Saturday, July 19, 2014

How To: Dry-Rubbed Spare Ribs and Crack on the Cob

From my old blog, this is my dangerously awesome recipe for ribs and corn on the cob, heavily influenced by Alton Brown and my then-GF Diana. For the ribs, I have tried several variations and improvements. Now, I omit the salt from the rub, and instead salt the meat, then brush it with mustard or mayonnaise, then add the rub. For the cooking liquid, I've taken to adding Dr. Pepper, and reducing the rest of the bottle for the glaze. You can mess with the recipe six ways to Sunday, but the corn dressing is perfect the way it is.

I’m making dinner right now, featuring the titular ribs and roasted corn on the cob with a version of Diana’s Dijon and Dill Butter Sauce. The sauce is so good, you’ll need to keep eating corn just so you can feel alive. Here’s the “before picture” of the dry-rubbed ribs. Check back later to see how they come out. After the jump, I’ll tell you how to make your own dry rub. spareribs
The first rule of dry rub is “You don’t talk about dry rub.” That’s why I’m not giving you my recipe. Rub recipes are like fingerprints that you keep hidden at all times in kevlar gloves, or snowflakes in a very cold, impenetrable vault. Each one is different, and you never share it with anyone, ever. This was the least believable part of “Grindhouse Presents: Planet Terror.” I like to make a big batch of dry rub all at once, but if you aren’t going to use it that often, get out your calculator and cut it down by half. Also, whenever possible, I use freshly ground spices. If you don’t already have one, go buy a coffee grinder that you’ll use only for spices. To keep it clean and non-rusty, fill it with dry oatmeal when you’re finished, hitting the grind button a few times. Here’s a general recipe for your rub:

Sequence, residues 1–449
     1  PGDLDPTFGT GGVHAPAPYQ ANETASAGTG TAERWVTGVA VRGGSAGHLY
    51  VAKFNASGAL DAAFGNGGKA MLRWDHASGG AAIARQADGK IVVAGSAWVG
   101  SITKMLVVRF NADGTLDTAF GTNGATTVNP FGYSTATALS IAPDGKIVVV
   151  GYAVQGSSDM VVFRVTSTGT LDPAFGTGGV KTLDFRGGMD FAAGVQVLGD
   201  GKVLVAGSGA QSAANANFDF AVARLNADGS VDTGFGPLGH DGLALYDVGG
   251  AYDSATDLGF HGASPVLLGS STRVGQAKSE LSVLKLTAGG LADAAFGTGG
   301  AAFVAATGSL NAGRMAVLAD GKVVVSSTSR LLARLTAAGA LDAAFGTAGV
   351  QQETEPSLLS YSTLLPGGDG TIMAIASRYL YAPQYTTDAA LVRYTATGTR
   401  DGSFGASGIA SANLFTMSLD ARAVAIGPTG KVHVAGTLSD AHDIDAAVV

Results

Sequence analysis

16 oz. light brown sugar, tightly packed, or half dark brown and half sugar-in-the-raw
6 oz. kosher or sea salt (do NOT use granulated salt)
2 oz. chili powder
1 oz  black pepper (or other mix of peppers – black, white, red, green)
1 oz  cayenne pepper (or other hot pepper powder)
1 oz  onion powder
These last 3 ingredients are where you get to apply your stamp to the rub.  Try a few things until you find a combination you like.
1 oz  hot ingredient – A hot spice blend like creepily-named Essence of Emeril, or even a packet of taco seasoning will do the trick, or you could blend several types of dried chiles in your new spice grinder.  Mix in some smoked paprika if you like.
1 oz  savory ingredient – Something like Montreal Steak seasoning is good here.  I use my own steak rub in this spot.  You can combine steak seasoning with Adobo, too.
1 oz  dried herbs – sage, thyme, or cilantro are good.
With this general outline, you can make other substitutions that you think might be good. Grind your spices before combining in a container with a lid. Shake it up really well. If you use the raw sugar, run it through the blender real quick. This rub is good for back ribs, spare ribs, pork shoulder, really any braised pork recipe. Lay your ribs out on heavy-duty foil or double-folded normal foil, on top of a sheet pan. Put a handful of rub on them with your dry hand, and spread it around with your pork hand. (The “dry hand” never touches the pork, and the “pork hand” never touches anything but the pork and what’s on it. Don’t mix up the hands, or you’ll be watching Law & Order in the lobby of the ER instead of enjoying your awesome dinner.) Press the rub into the meat, turn the ribs over, and repeat. Crimp the foil at the top/center of the ribs, and crimp one end shut. Leave the other end open for your cooking liquid. Here’s another way to make the recipe your own.
Cooking liquid: